"This type of act not only does unconscionable harm to the victim; it destabilizes the workplace and threatens national security. The department has a no-tolerance policy toward sexual assault. "
--Secretary of Defense Robert M. Gates
ARMY law enforcement officers have a message for sexual offenders: watch out because we're coming for you.
According to Russell W. Strand, the chief of the Family Advocacy Law Enforcement Training Division at the U.S. Army Military Police School, and one of the Army's top sexual assault experts, military police officers and Criminal Investigation Command agents undergo comprehensive, highly specialized training to handle sexual assault cases.
In addition to offering a two-week special victims unit course and two-day refresher training at USAMPS, CID brought on 27 civilian special investigators in 2009. They have extensive backgrounds in investigating sexual assaults and are assigned to the installations that have the highest rates of those cases--training posts like Fort Leonard Wood, Mo., and large installations like Fort Hood, Texas--and several are even deployed.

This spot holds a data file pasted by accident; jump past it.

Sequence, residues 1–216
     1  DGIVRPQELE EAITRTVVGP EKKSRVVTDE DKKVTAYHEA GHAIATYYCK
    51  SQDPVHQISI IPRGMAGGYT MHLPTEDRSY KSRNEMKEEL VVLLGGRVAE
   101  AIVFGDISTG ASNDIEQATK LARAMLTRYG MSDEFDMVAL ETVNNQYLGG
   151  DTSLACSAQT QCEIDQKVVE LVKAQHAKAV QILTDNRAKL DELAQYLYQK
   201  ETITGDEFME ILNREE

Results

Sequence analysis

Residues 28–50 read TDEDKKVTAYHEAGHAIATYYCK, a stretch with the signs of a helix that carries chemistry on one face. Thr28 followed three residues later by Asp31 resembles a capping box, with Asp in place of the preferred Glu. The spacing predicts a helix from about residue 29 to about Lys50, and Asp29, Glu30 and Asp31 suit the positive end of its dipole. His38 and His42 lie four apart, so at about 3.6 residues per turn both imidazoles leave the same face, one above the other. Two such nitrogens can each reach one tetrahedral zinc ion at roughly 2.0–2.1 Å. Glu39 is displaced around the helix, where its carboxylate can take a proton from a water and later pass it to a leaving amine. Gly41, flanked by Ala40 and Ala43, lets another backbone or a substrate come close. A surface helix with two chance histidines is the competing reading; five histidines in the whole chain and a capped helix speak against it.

Strand, a retired CID agent and former MP, pointed out that unlike most civilian police officers and detectives, military police and CID special agents can't pick their cases.
If a victim wants to make a report, agents must document and investigate it, whether or not the case ever makes it to trial. This, Strand explained, is part of the reason that, on paper, the Army's sexual assault rates may appear high.
"If (a civilian …